Revascularization can improve ventricular function in patients with viable myocardium, but whether and how the presence of viable myocardium affects prognosis of infarcted patients is still far from clear. Thus, 202 patients (173 men, 59 +/- 9 years old) with a previous or recent myocardial infarction (MI) and regional asynergies underwent low-dose dobutamine echocardiography (5-15 mug/kg per min) to assess myocardial viability and were followed for a period of 16 +/- 11 months after revascularization (89 patients) or medical therapy (113 patients). Four groups of patients were defined: (1) patients with viability, revascularized (n = 64); (2) patients with viability, treated medically (n = 52) ; (3) patients without viability, revascularized (n = 25); and (4) patients without viability, treated medically (n = 61). Of these patients, 45 (23%) patients suffered 57 cardiac events: 18 cardiac deaths (9%), 7 MIs, 12 unstable angina, 9 heart failures, and 11 new revascularization procedures. Patients with viability, revascularized, experienced a slightly lower event rate (22%) compared with patients with viability, treated medically, patients without viability, treated medically and patients without viability, revascularized (29%, 31%, and 36%, respectively; p = not significant [NS]). The frequency of events was then evaluated in those 108 patients with an ejection fraction <=33%, in whom 14 cardiac deaths occurred: the incidence of cardiac death was slightly lower in patients with viability, revascularized (3/37, 8%) than in the patients with viability, treated medically (4/26, 15%), patients without viability, revascularized (2/11, 18%), or patients without viability, treated medically (5/34, 15%) (p = NS). Nonfatal cardiac events were significantly fewer (p <0.05) in patients with viability, revascularized (8%) and in patients without viability, treated medically (6%) than in patients with viability, treated medically and patients without viability, revascularized (27%). In infarcted patients with severe left ventricular dysfunction, the presence of viable myocardium, if left unrevascularized, leads to further events. On the contrary, in the absence of myocardial viability, revascularization could lead to a worse prognosis than medical therapy.

Prognostic value of detection of myocardial viability using low-dose dobutamine echocardiography in infarcted patients

CICOIRA, Mariantonietta;MARINO, Paolo;ZARDINI, Pierino
1998-01-01

Abstract

Revascularization can improve ventricular function in patients with viable myocardium, but whether and how the presence of viable myocardium affects prognosis of infarcted patients is still far from clear. Thus, 202 patients (173 men, 59 +/- 9 years old) with a previous or recent myocardial infarction (MI) and regional asynergies underwent low-dose dobutamine echocardiography (5-15 mug/kg per min) to assess myocardial viability and were followed for a period of 16 +/- 11 months after revascularization (89 patients) or medical therapy (113 patients). Four groups of patients were defined: (1) patients with viability, revascularized (n = 64); (2) patients with viability, treated medically (n = 52) ; (3) patients without viability, revascularized (n = 25); and (4) patients without viability, treated medically (n = 61). Of these patients, 45 (23%) patients suffered 57 cardiac events: 18 cardiac deaths (9%), 7 MIs, 12 unstable angina, 9 heart failures, and 11 new revascularization procedures. Patients with viability, revascularized, experienced a slightly lower event rate (22%) compared with patients with viability, treated medically, patients without viability, treated medically and patients without viability, revascularized (29%, 31%, and 36%, respectively; p = not significant [NS]). The frequency of events was then evaluated in those 108 patients with an ejection fraction <=33%, in whom 14 cardiac deaths occurred: the incidence of cardiac death was slightly lower in patients with viability, revascularized (3/37, 8%) than in the patients with viability, treated medically (4/26, 15%), patients without viability, revascularized (2/11, 18%), or patients without viability, treated medically (5/34, 15%) (p = NS). Nonfatal cardiac events were significantly fewer (p <0.05) in patients with viability, revascularized (8%) and in patients without viability, treated medically (6%) than in patients with viability, treated medically and patients without viability, revascularized (27%). In infarcted patients with severe left ventricular dysfunction, the presence of viable myocardium, if left unrevascularized, leads to further events. On the contrary, in the absence of myocardial viability, revascularization could lead to a worse prognosis than medical therapy.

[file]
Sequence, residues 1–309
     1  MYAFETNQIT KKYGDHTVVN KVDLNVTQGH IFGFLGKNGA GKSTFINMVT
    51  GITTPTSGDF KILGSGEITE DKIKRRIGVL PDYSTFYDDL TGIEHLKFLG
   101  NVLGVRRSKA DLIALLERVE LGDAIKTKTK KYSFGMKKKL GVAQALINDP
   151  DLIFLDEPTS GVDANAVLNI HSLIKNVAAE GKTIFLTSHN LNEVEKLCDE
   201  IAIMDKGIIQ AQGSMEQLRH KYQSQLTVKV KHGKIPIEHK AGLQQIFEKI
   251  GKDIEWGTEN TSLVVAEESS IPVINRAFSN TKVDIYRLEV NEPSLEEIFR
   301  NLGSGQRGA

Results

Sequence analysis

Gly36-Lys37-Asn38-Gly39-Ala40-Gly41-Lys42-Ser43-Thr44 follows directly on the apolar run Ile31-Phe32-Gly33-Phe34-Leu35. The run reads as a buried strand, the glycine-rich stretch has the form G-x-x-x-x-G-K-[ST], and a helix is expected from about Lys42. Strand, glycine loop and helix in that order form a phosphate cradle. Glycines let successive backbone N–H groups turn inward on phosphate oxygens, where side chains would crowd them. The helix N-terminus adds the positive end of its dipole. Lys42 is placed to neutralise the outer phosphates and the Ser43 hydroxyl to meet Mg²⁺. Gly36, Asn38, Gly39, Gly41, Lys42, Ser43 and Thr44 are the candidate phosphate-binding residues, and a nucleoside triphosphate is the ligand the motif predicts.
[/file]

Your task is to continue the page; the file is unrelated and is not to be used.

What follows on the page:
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Utilizza questo identificativo per citare o creare un link a questo documento: https://hdl.handle.net/11562/304180
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